Anthologies of English poetry started out as thematic selections designed to direct the readers’ thoughts about various topics. A kind of didactic tool.

The word, from Greek, carries the literal meaning of more or less a bunch of flowers. According to the Oxford English Dictionary it appears to have come in to English in the early seventeenth century when it arrived with the meaning we associate with it today (a collection of pieces by various hands), but also with the sense of a treatise on flowers, or alternatively a breviary.

What are we to make of the competing word, chrestomathy? It’s Greek root is useful learning; somewhat less flowery than the anthology’s. The only time I’ve tangled with one was in a Medieval French course, and its use does seem to be largely educational. The florilegium is just a fancy word for anthology, taking the Greek bunch of flowers idea and Latinizing it. A divan is apparently a collection of poems by one author. The Arabic/Persion terms is paradoxically best known to us via Goethe’s “West-östlicher Divan”.* An analect is a selection from one author’s works, similar to a digest, which latter does also carry the implication of abbreviation. A compendium also implies condensation. An epitome goes all the way, abridging things down to their very essence. A compilation can be anything compiled. A Festschrift (straightforwardly German) is a collection of essays written in tribute to a scholar to whom the whole kit and caboodle is in theory presented on some formal occasion; perhaps a symposium, in the drinking party sense. But of course symposium in the book sense also carries the meaning of a collection of papers presented at some conference or other. An omnibus implies a collection of all the works of an author. But I have an omnibus edition of Simenon’s Maigret novels which contains but four books — more of a “parti-bus”. Actually in origin an omnibus is not a bus for omnis (Latin for all); it’s actually the dative plural, thus meaning simply “for all” with vehicle or some such term understood. The bus is just a back formation from the more formal word.

The Golden Treasury (1861) is said to have sold 10,000 copies a year for a century. Sorry I’m no longer in a position to see how it’s selling these days: but it is, of course, still rolling along. Oxford University Press has developed a little corner in anthologies of English literature: The Oxford Book of XYZ will be familiar to most. I even had to buy an Oxford Book of English Prose for use at school. Seem to remember being a bit resentful that we hardly used to damn thing at all; and it was expensive. I still have it, but can’t really find any use to it: six hundred snippets chosen because Q (as Sir Arthur Quiller-Couch, 1863-1944, was known at the height of his influence as a man of letters) thought they were good — can’t see why I should spend the time really. Q was also the editor of the first Oxford Book of English Verse, which lasted as a sort of canon maker from 1900 to 1979 when a new edition came out. Never owned either, nor subsequent editions, though I do have two editions of the Oxford Book of American Verse, though the latest one has sensibly evolved into American Poetry.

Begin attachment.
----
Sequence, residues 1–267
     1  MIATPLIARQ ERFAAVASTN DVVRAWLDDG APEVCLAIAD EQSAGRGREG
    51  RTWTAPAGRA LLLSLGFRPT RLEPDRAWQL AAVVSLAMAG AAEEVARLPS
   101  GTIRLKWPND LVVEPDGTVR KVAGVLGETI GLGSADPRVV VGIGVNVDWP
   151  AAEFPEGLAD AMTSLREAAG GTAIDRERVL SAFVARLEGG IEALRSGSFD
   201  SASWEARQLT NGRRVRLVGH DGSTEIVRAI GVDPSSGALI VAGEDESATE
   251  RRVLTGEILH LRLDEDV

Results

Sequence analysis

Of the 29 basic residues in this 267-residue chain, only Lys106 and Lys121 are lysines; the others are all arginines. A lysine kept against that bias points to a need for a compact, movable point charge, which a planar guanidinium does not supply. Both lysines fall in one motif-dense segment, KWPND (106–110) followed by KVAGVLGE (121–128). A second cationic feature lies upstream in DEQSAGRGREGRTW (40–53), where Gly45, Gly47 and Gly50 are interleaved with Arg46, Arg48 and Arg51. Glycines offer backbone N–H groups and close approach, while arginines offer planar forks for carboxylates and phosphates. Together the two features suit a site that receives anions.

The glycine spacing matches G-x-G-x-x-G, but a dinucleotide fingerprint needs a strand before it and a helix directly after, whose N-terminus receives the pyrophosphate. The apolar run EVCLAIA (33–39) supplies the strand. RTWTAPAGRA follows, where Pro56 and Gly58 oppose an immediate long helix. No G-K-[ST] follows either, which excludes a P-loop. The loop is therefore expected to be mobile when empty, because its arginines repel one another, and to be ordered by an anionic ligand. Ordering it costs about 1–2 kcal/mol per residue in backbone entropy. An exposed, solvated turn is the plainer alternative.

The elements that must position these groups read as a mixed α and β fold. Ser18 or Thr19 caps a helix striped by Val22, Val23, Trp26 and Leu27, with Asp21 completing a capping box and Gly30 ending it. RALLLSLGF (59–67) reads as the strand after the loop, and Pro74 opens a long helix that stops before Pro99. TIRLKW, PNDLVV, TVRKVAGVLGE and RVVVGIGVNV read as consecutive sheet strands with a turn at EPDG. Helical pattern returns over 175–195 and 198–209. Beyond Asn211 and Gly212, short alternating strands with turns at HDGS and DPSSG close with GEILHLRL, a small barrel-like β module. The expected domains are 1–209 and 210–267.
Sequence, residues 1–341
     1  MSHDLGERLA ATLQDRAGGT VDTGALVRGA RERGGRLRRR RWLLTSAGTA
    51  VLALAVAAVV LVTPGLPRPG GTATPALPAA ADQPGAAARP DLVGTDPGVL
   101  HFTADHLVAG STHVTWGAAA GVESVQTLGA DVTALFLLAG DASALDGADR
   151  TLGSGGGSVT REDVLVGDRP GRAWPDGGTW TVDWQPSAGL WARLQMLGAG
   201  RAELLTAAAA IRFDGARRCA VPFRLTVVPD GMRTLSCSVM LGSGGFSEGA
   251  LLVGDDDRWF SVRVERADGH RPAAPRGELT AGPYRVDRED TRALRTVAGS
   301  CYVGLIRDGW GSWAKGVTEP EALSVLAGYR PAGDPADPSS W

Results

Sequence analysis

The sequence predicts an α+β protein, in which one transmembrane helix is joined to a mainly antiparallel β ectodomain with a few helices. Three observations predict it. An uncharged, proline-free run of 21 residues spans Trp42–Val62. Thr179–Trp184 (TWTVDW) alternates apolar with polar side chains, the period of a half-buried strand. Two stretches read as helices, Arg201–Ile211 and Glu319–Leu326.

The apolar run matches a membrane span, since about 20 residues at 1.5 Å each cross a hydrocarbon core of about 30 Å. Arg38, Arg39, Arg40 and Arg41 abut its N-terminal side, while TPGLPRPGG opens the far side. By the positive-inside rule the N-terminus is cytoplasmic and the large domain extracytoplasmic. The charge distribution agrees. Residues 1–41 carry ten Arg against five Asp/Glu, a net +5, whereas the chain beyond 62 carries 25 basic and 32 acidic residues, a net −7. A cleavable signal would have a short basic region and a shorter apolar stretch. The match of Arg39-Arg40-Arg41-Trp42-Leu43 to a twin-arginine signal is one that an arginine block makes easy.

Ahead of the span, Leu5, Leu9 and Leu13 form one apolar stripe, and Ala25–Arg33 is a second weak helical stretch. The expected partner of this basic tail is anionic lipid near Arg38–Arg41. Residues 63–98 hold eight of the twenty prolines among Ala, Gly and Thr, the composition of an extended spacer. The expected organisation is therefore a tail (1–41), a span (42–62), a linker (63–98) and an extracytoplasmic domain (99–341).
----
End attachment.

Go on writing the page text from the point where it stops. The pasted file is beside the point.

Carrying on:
As a child I used always to have trouble with the title of Robert Louis Stevenson’s A Child’s Garden of Verses: I’d always expect Garland: was I precociously thinking to the bunch of flowers meaning of anthology? Of course RLS, who originally published the collection (all of which he wrote himself — so no anthology in this garden) as Penny Whistles, was doubtless picking up the garden image from the envoy “To any reader”.

Anthologies generally consist of previously published pieces by a number of different authors. This tends to mean they are expensive to publish, so you have to be confident of selling thousands of them. Poets and their estates tend to see proposed anthologies as an unexpected opportunity to make a little money. This means that you may find your selection of say T. S. Eliot having to be curtailed in the face of budgetary constraints. Yes, you obviously have to pay the authors, and as that’ll be coming out of the “author’s” part of the pot (normally the royalty) its size will be limited to the notional royalty multiplied by the number of copies expected to be sold. Reality can rapidly set in. Rights have to be cleared for all relevant markets around the world. Attention must be paid. I recently found myself having to reprint an anthology with a new page containing a different translation of one of the sonnets: permission had originally been cleared for the wrong translation. Since this monetary restriction is not something you can expatiate on in your preface, it may mean that your bunch of poetic blooms ends up over-representing daisies, and having to leave out that arum lily. This in turn may eventually mean that history thinks you undervalued lilies.

Mention of preface reminds me that I also own an anthology of prefaces. The Book of Prefaces is edited by Alasdair Gray, of whose work I am a fan. Here’s a photograph of the front flap, providing a characteristic justification for every anthology ever created.


* To me a divan is what most people now seem to call a chaise longue. Houzz provides information enabling you to distinguish between chaise, divan, daybed, recamier, and settee. Sofa and couch have to fend for themselves.